Thursday, 8 September 2016

Ways to Cope With the Pain of Heartbreak

Ways to Cope With Heartbreak.   
In my experience, there isn’t any magical antidote for that immediate, pressing sensation of grief, but these simple steps will make it all a bit easier to swallow.

1. Take it one day at a time.

Or, heck, one breath at a time. One moment at a time. When I was down and defeated, I couldn’t imagine how in the world I was going to survive, let alone do all the work that I knew was coming.
Thinking about the future was entirely overwhelming. I couldn’t do it. Instead, I just concentrated on single days.
The present was painful, but I stayed there. I stayed with the pain as it ebbed and flowed through the days. And the days crept by, each one a small victory.

2. Reach out.

Internet stories can be wonderful, but it’s your loved ones who will be a godsend in times of grief. Don’t hesitate to contact your friends and family immediately when something tragic has occurred. This is why we’re here—for supporting one another, or as Ram Dass says, “walking each other home.”
I remember calling my mom, dad, and several of my friends shortly after my break-up. They couldn’t make the pain go away, but they listened and said what they could.
I knew I was cared for. I knew they were concerned. Feeling that love reminded me that I wasn’t worthless. I was still the same me.

3. Know you’re not alone.

When my girlfriend dumped me, I turned to the Internet to read about break-ups. What I found were countless stories of people who had suffered precisely what I had. Reading those stories was therapeutic because I no longer felt so helpless or worthless.
I felt connected to the billions of other people who’d felt equally awful. I gained respect for my ancestors and my contemporaries, for the strength of the human race. I started to have faith that I too could find the resilience to survive and reconstruct my world.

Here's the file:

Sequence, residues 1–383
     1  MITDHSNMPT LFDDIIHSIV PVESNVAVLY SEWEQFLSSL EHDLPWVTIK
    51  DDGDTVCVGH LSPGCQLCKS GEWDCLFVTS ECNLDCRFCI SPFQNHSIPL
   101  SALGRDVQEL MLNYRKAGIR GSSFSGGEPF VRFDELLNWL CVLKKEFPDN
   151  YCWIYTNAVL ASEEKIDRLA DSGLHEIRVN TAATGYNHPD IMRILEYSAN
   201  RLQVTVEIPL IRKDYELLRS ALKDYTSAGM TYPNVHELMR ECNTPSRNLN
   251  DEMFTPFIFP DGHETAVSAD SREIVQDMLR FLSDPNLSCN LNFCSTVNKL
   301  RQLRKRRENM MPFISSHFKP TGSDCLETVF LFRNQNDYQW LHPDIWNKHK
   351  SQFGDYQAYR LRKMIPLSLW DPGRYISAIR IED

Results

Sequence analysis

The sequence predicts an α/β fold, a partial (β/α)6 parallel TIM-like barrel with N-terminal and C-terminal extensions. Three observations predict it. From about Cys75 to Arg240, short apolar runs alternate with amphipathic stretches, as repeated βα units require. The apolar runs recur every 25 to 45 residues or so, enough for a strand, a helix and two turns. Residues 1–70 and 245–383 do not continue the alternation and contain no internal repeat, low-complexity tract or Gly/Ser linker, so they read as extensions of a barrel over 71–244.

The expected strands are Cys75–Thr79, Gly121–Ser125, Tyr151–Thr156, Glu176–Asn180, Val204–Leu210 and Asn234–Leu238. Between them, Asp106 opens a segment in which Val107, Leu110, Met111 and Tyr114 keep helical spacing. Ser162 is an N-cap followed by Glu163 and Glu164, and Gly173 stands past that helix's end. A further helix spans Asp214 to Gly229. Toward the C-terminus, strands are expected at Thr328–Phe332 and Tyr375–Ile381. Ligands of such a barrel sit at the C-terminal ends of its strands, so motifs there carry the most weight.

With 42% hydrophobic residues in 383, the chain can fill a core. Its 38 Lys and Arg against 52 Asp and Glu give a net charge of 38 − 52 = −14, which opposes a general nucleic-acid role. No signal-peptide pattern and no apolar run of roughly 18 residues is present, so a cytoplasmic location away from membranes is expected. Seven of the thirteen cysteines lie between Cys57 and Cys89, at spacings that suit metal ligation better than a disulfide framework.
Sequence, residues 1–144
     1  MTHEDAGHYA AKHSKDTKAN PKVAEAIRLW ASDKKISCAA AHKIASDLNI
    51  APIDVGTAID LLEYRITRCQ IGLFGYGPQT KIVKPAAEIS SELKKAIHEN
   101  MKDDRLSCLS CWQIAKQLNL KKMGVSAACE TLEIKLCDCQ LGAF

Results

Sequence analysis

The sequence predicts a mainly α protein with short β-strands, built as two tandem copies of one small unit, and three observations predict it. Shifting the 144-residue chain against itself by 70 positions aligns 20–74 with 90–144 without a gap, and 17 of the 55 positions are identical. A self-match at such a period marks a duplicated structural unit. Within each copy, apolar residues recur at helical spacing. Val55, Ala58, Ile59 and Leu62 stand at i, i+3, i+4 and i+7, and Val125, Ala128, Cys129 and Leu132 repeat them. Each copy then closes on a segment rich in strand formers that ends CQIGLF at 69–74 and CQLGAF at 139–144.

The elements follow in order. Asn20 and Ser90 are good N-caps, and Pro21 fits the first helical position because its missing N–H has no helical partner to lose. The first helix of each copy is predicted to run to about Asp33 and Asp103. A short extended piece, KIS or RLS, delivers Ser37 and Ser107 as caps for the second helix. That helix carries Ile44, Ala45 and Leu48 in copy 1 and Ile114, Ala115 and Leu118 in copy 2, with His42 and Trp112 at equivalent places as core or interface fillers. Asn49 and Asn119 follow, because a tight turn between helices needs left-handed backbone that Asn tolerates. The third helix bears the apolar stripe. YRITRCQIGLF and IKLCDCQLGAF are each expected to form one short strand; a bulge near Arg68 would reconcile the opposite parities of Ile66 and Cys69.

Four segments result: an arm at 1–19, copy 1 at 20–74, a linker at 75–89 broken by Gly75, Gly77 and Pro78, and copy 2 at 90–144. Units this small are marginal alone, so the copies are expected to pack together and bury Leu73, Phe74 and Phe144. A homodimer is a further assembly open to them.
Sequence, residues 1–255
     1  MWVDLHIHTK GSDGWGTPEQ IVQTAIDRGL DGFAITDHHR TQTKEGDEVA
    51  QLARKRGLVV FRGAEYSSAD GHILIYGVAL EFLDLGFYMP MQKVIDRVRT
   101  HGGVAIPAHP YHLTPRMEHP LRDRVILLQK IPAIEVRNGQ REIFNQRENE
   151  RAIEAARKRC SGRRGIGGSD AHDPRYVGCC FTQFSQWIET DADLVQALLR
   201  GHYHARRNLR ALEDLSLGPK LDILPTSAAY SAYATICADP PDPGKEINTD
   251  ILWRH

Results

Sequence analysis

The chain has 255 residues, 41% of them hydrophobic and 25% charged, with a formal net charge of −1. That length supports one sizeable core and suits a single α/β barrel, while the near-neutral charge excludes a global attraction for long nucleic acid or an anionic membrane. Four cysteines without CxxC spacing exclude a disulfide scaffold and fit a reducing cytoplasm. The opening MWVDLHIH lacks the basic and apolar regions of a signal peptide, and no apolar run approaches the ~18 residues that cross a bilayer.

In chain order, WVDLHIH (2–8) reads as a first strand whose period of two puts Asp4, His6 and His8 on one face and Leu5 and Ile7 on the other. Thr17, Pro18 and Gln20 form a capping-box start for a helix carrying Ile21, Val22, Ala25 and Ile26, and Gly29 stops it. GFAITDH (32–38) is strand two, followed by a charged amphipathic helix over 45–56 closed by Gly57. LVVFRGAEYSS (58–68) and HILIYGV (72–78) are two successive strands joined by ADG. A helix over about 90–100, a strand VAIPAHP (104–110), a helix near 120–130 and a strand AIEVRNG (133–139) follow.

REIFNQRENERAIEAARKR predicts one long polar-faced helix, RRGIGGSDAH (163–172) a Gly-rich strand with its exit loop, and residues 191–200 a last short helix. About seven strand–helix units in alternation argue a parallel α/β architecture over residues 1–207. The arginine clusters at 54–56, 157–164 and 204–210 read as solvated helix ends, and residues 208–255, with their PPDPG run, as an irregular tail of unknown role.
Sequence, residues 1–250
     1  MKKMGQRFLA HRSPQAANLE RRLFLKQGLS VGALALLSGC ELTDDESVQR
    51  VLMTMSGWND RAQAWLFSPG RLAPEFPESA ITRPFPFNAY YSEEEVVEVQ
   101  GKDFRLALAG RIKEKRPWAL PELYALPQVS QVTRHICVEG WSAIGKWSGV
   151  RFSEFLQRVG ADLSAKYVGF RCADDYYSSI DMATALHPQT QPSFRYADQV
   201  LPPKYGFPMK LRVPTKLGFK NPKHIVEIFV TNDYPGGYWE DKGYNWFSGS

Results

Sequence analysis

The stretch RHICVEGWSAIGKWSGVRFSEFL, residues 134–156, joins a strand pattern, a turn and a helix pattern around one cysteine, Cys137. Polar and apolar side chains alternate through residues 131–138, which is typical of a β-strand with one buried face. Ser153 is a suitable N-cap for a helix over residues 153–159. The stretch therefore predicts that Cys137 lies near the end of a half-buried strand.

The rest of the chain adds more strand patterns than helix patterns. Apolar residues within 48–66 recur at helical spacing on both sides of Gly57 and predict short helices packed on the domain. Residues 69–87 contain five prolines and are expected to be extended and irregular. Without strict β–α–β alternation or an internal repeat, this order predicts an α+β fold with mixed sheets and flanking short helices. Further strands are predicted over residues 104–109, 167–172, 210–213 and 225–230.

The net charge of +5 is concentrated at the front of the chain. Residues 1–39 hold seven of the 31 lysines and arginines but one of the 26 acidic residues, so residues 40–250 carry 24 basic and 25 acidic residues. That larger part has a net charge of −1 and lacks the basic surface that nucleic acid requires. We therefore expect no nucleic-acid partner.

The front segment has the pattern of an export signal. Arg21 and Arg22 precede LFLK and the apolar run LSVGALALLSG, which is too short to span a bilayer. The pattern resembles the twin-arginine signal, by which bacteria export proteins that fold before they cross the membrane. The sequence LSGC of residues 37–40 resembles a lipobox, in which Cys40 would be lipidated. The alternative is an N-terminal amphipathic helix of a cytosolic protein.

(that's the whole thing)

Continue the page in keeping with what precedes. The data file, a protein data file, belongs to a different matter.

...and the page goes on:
4. Create.

After she told me the bad news, I felt an eruption of emotion that was unlike anything I’ve ever felt. There was just so much of it. I needed to let it out somehow, so I wrote.
Writing was a rock, something that had been there before and was still there, something I could turn to. I wrote poetry and letters and stories. Translating the experience into art was a type of catharsis.
It was a way to channel the energies, to release them, to cleanse myself. Whether it’s painting, singing, dancing, drawing, or sculpting, perhaps you will find solace in an art form as well.

5. Find comfort in music.

After the split, I remember sitting in an airport, listening to “Hailie’s Song” by Eminem, crying quietly to myself as oblivious people walked by. Sure, that’s a sad image, but it also felt good to let it out. It was part of my healing.
Music was another constant, something that wouldn’t let me down. I think I probably listened to every sad song I’d ever heard. It wasn’t a way to feel sorry for myself (okay, maybe a little) as much as another means of I'm not alone.
It was a way of feeling more poignantly the pain in the songs and lyrics of others, a way of empathizing with them and knowing they understood how I felt too.

6. Maintain your normal routine.

This was perhaps the hardest thing to do after what happened—return to my routine. Honestly, I felt like locking myself in a dark room with ten pounds of ice cream and sucking my thumb for the next few months. It didn’t seem possible to return to my day-to-day life.
But I did, and after a while, I realized that it was my routine that was renewing my sense of purpose. Actually doing things took my mind off of the hole in my chest and reminded me of my value.

7. Believe.

It takes a certain measure of faith to fall into a black hole of pain, grope around aimlessly for a while, and eventually emerge. My situation felt devoid of anything positive. It seemed like there was nothing to hang my hat on.
But somewhere, deep within me, I managed to find the courage to believe that things would be better again. I believed that life would not forsake me.
I believed I could weather the storm, and after a few months, the horizon didn’t look so bleak anymore. I began to leave the past where it was meant to be—behind me—and to find satisfaction in the present.b


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